Tuesday, October 26, 2010

So much to say, so little time

It seems that I have less and less time to write these days. Since Wednesday I've presented my project in Nuts and Bolts, gone to Ethics class, written a vernacular translation of my Shakespeare soliloquy and talked through it with Professor R, Watched the the Julie Taymor version of Titus (Shakespeare'sTitus Andronicus), set up and helped run a costume sale, went headshot shirt shopping (say that 5 times fast), finished a ton of homework, filmed my last movie scene, performed my soliloquy, and taken my headshots! Plus rehearsal.

So: the project went really well. We seemed to be the only cities encouraging people to not move there. Kansas City was good, and Minneapolis was interesting, but I was actually interested in Denver and Orlando. Denver is a market I would move to if I wanted to settle down and have a family, I think. They have a great, smaller scene, and it's just a great place to live. Orlando seemed cool for just starting out. I'm not especially interested in Disney, but there are other theatres around, and I do love the Florida atmosphere. Today we get to hear from Chicago, NY, LA, and Seattle. I'm extremely excited about all of these, because if I'm serious about this, I'll definitely end up in one of these places. Kyle (who took my headshots, and acted at Boji) will be a guest speaker in class today, which will be really cool too. He lives in NY as an actor/singer/photographer, and he's going to tell us all about it.

I really like the soliloquy I've received in Shakespeare. It's Queen Margaret from King Henry VI Part II. We had to present them individually yesterday, and I'm excited to work with Professor R on mine to make it better. I played one level the whole time, and he reminded me not to put emphasis on non-operative words such as: HIS head. It should be his HEAD.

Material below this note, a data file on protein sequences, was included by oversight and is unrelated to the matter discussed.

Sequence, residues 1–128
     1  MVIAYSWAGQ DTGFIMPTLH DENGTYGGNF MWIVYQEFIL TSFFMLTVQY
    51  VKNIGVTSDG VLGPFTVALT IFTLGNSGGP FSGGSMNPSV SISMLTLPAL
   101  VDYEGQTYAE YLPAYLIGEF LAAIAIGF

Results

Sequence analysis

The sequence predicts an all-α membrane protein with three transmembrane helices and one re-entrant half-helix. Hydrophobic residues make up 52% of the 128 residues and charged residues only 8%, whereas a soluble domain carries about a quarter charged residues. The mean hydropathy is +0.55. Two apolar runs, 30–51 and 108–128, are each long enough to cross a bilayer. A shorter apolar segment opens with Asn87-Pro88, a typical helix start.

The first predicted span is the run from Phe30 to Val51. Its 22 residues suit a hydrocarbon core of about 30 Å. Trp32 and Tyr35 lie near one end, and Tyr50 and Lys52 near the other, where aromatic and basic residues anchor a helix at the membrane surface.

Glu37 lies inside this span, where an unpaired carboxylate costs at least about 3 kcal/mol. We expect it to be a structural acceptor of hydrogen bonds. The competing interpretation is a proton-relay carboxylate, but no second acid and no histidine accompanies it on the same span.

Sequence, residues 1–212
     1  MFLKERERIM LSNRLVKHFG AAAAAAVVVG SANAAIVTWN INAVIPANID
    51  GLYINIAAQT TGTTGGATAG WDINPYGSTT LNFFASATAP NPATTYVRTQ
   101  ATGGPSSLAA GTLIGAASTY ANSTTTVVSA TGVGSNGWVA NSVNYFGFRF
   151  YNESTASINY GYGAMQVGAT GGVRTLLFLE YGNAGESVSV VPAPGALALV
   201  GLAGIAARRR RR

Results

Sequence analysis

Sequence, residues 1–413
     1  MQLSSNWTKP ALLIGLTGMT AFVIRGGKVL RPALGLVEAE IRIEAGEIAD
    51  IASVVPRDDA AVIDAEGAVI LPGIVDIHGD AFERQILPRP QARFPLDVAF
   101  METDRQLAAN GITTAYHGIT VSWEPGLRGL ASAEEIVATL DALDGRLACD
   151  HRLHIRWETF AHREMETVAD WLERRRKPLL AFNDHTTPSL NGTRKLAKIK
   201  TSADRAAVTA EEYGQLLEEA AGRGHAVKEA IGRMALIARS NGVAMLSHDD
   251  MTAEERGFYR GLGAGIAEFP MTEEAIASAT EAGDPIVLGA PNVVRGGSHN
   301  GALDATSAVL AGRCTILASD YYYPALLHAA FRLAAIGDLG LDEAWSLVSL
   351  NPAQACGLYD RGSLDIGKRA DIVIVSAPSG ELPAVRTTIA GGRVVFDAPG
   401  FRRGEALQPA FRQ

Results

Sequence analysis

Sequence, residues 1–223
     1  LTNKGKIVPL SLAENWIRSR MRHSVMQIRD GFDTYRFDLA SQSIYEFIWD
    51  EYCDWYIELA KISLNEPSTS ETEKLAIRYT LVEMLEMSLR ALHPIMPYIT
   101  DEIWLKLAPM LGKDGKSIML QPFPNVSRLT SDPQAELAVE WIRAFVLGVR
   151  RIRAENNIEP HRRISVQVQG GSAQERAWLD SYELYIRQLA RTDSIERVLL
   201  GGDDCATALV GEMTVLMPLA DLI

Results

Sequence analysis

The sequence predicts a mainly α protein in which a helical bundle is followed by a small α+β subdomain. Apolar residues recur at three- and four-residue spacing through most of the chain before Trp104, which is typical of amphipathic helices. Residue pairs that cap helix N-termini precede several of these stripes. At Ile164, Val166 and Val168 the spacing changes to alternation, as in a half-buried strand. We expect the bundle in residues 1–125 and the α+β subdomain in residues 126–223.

My weekend flew by! The Costume sale went swimmingly! We raised more money than I think we imagined we would, and half of the proceeds are going to The Women's Shelter. I also bought some great things, for very cheap! We're very proud of that. I placed our Warehouse T-Shirt order, so hopefully those should be coming in soon next week.

Sunday was a crazy day. I thought I would film my 2 line scene for one hour, tops. Instead, I ended up at a 5 hour shoot because they had to take close-ups, different angles, and over the shoulders of me and my partner and my mother. I never knew it could take so long. I had a lot of fun while filming. It was a really emotional scene, but Garret (my 'brother' in the scene) and I had a lot of fun in between takes. It showed me that I really do love film acting as much as I always thought I would. However, I didn't like waiting around between takes or before takes. On a real set, I wouldn't have homework to be doing and I would have a trailer to stay in--so this problem was purely a student film issue. :) I received great direction, and enjoyed the experience overall.

I took my headshots yesterday! It was scary, but Kyle made it fun and easier than I thought it would be. I ended up with over 400 pictures, and Katie Mac and I got it down to just over 50. They're on Facebook mom!

Rehearsal has been going really well. We were completely blocked (all our movement was decided) by Friday afternoon. We were working scenes by Friday evening. We just finished working Act 1 yesterday! It goes so fast. We need to be off book Act 1 by Wednesday, and Act 2 by Friday. And then we'll just start running the show. I'm loving the script more every time I do it, which is good because that doesn't always happen. I'm constantly thinking of new things to try, and Director is really great about giving us ideas and letting us have freedom in the process. She keeps it real. She reminds us when we've glossed over an important moment, and to really think about what we're saying and listen to each other. It's difficult because there are only the 2 of us in this play, so we have to be careful that certain things have meaning, and we don't forget them.